How Is Intimacy Impacted If a Person's Caregiver Is Also Their Sexual Partner?


How is intimacy impacted if an person's caregiver is also their sexual partner?


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[Glenn Parkinson] In my experience, after a brain injury of any severity, people have a process of self-evaluation that they go through. People don't feel like the same person that they used to be. For some people it's a more drastic change, in terms of a change in their personality, a change in the way that they interact with other people, an inability to function independently in some ways, and for some people it's a much milder change, but there's still a sense that they're not quite the person that they used to be. For many people with brain injury, even if it's sort of a short term in the very beginning, there's also a period in which they have a caregiver— someone who helps them with things, helps them keep track of their medication, helps them keep track of their medical appointments—that kind of thing. For someone who used to be independent, who used to be an adult, who used to take care of themselves, and—for our population in particular— who was in combat or was deployed, that feels like a huge fall. It feels like a big loss in terms of a sense of being autonomous and being able to take care of yourself. That really, to me, is the root of a lot of the issues related to sexual health— how people feel about themselves in general. Your self-esteem can be diminished. Even if you still feel kind of confident about who you are and have an outlook for your future, you sort of feel differently about having someone take care of you. So it's hard to feel like you're autonomous. It's hard to feel sexy when someone's there. If you take your medication—whether it's your mom, or your wife, or whomever it is— That's something that comes up a lot with caregivers—the change in people's role. How do you negotiate that— being someone's caregiver for most of the day and then being someone's sexual partner in bed? That's very challenging.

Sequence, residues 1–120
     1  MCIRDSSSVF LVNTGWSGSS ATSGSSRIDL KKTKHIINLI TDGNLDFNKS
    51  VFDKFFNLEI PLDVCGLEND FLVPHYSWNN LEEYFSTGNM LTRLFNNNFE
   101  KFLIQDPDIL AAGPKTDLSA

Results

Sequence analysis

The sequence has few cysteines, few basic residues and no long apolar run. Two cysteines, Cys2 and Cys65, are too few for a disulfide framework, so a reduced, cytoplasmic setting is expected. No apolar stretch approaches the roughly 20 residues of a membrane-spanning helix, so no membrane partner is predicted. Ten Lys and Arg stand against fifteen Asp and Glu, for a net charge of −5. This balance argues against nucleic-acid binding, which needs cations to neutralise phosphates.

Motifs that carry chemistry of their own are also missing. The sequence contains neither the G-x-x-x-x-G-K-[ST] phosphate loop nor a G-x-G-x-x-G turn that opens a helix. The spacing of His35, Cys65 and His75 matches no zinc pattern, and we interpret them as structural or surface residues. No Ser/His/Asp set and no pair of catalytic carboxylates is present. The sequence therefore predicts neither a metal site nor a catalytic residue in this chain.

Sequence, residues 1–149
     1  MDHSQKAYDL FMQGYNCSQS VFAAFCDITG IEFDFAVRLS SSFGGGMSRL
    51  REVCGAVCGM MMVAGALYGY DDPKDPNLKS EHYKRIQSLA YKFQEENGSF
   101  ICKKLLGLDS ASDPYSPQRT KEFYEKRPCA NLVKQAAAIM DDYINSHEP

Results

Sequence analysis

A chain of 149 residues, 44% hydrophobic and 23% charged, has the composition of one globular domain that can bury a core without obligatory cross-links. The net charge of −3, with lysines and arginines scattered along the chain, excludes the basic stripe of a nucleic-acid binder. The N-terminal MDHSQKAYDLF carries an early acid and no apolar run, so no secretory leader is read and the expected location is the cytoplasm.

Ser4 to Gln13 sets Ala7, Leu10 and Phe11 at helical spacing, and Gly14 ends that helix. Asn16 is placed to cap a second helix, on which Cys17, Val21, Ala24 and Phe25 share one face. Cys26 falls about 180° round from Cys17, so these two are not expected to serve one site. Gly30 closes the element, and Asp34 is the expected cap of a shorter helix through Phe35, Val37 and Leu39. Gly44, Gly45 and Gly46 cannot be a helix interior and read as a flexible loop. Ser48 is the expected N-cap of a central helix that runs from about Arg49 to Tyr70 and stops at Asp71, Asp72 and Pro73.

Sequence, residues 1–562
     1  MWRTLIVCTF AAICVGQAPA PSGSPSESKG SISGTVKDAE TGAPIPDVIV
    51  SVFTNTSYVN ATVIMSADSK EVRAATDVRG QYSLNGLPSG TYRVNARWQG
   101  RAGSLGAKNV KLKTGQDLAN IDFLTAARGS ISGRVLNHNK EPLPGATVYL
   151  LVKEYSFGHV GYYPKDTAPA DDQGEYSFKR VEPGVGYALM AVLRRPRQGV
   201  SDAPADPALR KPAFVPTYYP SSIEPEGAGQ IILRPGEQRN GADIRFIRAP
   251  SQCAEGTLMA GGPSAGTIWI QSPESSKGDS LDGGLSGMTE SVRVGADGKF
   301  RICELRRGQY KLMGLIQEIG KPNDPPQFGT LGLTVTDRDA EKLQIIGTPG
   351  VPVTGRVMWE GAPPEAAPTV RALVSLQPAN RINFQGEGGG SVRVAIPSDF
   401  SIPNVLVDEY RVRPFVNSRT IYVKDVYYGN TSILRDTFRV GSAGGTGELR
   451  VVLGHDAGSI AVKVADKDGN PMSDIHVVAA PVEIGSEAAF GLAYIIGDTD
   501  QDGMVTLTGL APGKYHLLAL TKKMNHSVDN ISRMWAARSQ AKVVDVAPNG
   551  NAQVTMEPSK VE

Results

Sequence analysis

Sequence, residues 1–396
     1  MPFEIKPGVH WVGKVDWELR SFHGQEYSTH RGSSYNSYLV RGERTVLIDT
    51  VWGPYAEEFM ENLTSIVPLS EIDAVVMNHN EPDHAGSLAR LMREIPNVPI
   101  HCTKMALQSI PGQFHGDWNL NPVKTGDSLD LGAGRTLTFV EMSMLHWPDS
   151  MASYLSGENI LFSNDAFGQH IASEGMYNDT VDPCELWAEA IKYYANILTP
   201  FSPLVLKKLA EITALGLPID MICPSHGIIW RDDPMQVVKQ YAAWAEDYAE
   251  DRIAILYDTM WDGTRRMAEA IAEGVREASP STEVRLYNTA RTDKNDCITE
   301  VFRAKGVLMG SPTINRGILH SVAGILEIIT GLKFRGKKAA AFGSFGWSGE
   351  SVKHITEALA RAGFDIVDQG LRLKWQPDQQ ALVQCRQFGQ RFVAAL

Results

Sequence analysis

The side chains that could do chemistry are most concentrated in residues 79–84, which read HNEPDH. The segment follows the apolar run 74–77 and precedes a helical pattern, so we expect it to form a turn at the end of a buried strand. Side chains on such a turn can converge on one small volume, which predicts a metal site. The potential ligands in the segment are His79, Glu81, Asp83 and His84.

Posted on BrainLine May 13, 2013.

Produced by Victoria Tilney McDonough and Erica Queen, BrainLine.

About the author: Glenn Parkinson

Glenn Parkinson, MSW, MA works as the psychotherapist on the Traumatic Brain Injury service at Walter Reed National Military Medical Center. She works with active duty and retired military personnel and their families specializing in combat-related injuries.

Glenn Parkinson